Wednesday, March 3, 2010

Jack Chick and Consistent Theology

Two new Jack Chick tracts are up. They are both pretty mediocre. "The Royal Affair" tells the story of David and Bathsheba with a pretty standard threat of hellfire and brimstone at the end. There's nothing of note in the tract other than that Jack Chick apparently thinks that the word "literal" actually means "figurative." (Memo to Jack: David didn't go through a "literal hell." He went through a figurative hell. Figurative and literal have opposite meanings. They are not synonyms.)

The second tract, "Going Down?" is standard Chick tract but with a single interesting twist. It is not uncommon in Chick tracts for someone to have a near-death experience, briefly witness the horrors of hell, and then come back to life knowing about the terrible threat of hell. This tract is an example. However, whenever this happens in a Chick tract, the people who have experienced hell always then accept Jesus as their personal lord and savior. However, in this new tract, the person who experiences hell does not learn about Jesus but rather dies shortly thereafter being dragged back down to hell. Few tracts better illustrate the utterly random nature of the afterlife in Chick's universe: in this case, the return to this world appears to almost be a divine accounting error which doesn't even serve the minimal purpose of saving the individual's soul.

Contemplating this tract also leads to another issue: Chick's theology concerning the immediate afterlife is inconsistent. In most Chick tracts, when people die they stand before Jesus and are judged. In some tracts, such as the above, they are sent immediately to hell. I am aware of no tract in which someone dies and comes before Jesus only to come back to life. In a tiny minority of tracts (such as this one) people who die without Jesus instead go to a temporary realm to wait until they are judged on Doomsday.

Why is Chick's theology of the afterlife so varied? Does he realize how contradictory his various tracts are on this matter? The most obvious hypothesis is that Chick's theology has changed over time. However, there are no chronological trends in which of the three approaches to the afterlife he takes. I suspect that Chick simply does not care about the details of the afterlife that much since the primary issue is being saved or lost; all else is secondary. Thus, a combination of whim and plot-demands control the exact depiction of the afterlife. Given Chick's apparent lack of great intellectualism he may not even have given the matter enough thought to realize the inconsistent nature of his theology.

I do hope that the May tracts are better than this set. It is a big let down given that in January we had a tract about angels fighting werewolves.

24 comments:

Phoen7x said...

Joshua, you always have facinating posts to do with math and religion. I'll admit i don't find american politics that interesting but i hope you can excuse me because they dont effect me.

Why is it though, that you waste your creative bolgging time with Jack Chick? He's a collosal idiot, and there are many more like him, so whats the point?

Jay said...

Obviously I cannot speak for Joshua, but many folks, myself included, find Chick interesting because of the breathtakingly wide scope of his paranoid theology.

Jr said...

"Why is Chick's theology of the afterlife so varied?"

The evangelical theologian answer: They are not inconsistent, since they themselves say they are not inconsistent. They are just representing different aspects of the same thing. He does not say specifically that they do not see Jesus before going to Hell right? They just strongly imply it through the narrative so it does not count.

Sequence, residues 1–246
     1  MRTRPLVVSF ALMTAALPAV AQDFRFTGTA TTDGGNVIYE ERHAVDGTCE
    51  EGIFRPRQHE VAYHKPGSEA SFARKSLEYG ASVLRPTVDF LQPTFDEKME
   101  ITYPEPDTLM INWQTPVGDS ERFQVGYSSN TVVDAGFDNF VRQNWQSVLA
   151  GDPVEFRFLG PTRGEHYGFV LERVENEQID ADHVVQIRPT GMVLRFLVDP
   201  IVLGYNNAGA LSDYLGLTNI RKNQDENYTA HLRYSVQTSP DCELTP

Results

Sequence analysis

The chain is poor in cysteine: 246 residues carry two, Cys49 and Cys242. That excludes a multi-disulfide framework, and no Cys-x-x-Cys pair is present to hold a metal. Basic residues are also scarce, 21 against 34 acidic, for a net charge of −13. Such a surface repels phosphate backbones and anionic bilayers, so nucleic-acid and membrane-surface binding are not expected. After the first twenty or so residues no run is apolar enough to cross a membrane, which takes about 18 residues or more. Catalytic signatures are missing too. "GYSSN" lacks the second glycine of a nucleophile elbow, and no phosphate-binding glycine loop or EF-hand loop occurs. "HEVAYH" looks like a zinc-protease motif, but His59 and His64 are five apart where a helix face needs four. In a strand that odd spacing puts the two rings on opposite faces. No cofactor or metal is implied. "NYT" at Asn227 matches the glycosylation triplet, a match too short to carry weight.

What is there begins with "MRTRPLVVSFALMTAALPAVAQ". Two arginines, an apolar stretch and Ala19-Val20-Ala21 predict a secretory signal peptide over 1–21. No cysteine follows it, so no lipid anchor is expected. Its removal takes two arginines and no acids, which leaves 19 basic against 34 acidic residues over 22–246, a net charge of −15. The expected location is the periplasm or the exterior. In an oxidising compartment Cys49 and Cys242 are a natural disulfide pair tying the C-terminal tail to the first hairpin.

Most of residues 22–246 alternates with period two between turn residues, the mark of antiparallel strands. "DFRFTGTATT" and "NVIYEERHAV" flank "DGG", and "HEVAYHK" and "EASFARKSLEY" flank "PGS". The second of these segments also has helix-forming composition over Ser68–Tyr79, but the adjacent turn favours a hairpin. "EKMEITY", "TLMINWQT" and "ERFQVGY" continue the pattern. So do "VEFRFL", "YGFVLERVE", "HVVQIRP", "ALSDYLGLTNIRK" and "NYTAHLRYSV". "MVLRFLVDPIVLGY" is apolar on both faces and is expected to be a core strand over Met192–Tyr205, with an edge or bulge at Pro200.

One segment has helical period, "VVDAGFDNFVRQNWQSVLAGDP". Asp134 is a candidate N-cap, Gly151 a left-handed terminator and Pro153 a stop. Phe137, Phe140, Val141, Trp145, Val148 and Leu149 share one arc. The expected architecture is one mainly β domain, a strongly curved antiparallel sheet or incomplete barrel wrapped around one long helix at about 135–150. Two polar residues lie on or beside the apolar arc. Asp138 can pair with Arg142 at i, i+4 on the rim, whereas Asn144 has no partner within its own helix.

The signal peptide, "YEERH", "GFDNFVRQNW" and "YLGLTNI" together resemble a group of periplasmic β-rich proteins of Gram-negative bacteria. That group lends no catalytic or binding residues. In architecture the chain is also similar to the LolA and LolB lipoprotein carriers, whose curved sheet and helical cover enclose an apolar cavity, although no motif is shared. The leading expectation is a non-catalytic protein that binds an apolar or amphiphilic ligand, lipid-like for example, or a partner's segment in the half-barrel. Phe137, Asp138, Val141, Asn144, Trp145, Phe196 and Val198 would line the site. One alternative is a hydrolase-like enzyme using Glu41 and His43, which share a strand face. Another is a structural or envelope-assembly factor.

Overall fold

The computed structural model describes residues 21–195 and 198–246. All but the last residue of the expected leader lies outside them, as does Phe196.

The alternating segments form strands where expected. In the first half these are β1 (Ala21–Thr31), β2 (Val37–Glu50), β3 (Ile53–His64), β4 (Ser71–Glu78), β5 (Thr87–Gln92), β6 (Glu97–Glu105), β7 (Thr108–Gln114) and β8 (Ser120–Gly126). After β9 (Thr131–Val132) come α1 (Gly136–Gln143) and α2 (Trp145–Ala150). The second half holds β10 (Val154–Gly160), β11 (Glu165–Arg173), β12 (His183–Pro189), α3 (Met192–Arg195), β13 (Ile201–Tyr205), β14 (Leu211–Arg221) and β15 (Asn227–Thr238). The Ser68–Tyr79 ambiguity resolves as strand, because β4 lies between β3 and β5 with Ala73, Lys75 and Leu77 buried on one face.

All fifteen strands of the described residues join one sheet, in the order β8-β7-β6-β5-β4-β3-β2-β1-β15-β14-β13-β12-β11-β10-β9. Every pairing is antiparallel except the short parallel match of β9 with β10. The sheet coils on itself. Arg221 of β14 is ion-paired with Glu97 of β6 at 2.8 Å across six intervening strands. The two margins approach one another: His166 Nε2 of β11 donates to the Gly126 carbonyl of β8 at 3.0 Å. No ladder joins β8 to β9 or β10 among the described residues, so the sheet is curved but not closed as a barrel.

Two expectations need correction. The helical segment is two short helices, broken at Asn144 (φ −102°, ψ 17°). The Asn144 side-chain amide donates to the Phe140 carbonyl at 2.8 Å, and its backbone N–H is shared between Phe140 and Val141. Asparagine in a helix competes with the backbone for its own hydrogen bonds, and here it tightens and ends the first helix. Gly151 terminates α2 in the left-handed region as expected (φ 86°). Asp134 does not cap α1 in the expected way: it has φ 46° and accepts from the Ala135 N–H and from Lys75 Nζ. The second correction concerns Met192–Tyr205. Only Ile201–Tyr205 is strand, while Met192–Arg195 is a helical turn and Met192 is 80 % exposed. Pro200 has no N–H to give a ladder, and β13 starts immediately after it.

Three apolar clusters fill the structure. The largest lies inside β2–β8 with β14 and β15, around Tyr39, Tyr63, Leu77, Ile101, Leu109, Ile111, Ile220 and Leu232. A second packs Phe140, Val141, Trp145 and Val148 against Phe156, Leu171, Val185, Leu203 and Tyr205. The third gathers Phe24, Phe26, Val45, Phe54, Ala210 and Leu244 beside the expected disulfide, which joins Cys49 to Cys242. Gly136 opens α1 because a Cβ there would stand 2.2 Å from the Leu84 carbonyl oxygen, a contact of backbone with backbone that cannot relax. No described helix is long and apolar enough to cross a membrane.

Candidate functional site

The historical-critical scholar's answer: Clearly some of the Chick tracts were in fact not written by him but are pseudepigraphical. Probably they were forged by later followers of him to win theological debates. You can also see proof of this by noting that the earlier tracts use the word "pumpkin" more than 5% more often than the later tracts.

Johan said...

To continue on a more serious note, and apologizing for the previous joke, I find it interesting that Chick almost appears to be whitewashing God's behavior when he kills David's baby. So God "called the baby home", as opposed to "God killed him". And David knows the baby goes to heaven, unlike the actual Biblical story where nothing of the kind is said. This whitewashing is interesting coming from a person who so emphasizes the judgmental side of their god and who in general is happy to send sympathetic characters to hell.

Further I wonder how Chick motivates the idea that all babies go to heaven. It sure is not taught in the Bible. Is it because they have not committed any sins and thus do not need forgiveness? I find it hard to fit with Chick's insistence on "sola fide".

And when we are on the topic of justification by faith alone, does it actually matter that you commit adultery for your ultimate fate according to Chick? If you do not believe in Christ you are doomed anyway. And if you do believe in Christ you are saved regardless.

Shalmo said...

There are various intellent evangelicals like James White who realize fundis like this man do more harm than good.

Christianity has become a nausiating mutation of a very rich philosophical culture. Compare the Christianity of the time of the Reformers like Martin Luther to what it is today and once sees a huge difference.

Few realize there still is a more rational christianity out there: http://www.aomin.org/articles/chat.html

Joshua said...

Phoen7x,

I agree with Jay. I find extreme views in general interesting. Extreme views also raise interesting questions when one can ask people who accept similar premises but overall more moderate conclusions with "Ok, so why don't you go to the next step like _?"

And werewolves fighting angels! How can you not love that?

踢人 said...
This comment has been removed by a blog administrator.
Jay said...

Werewolves fighting angels sounds unsettlingly like the plot for an unproduced Underworld sequel.

I've noticed a tendency amongst some Christians of a conservative stripe to automatically accept anything labelled as Christian as good and valid, even if such material is bizarre or extreme. (Witness, for example, the success of the Left Behind books.)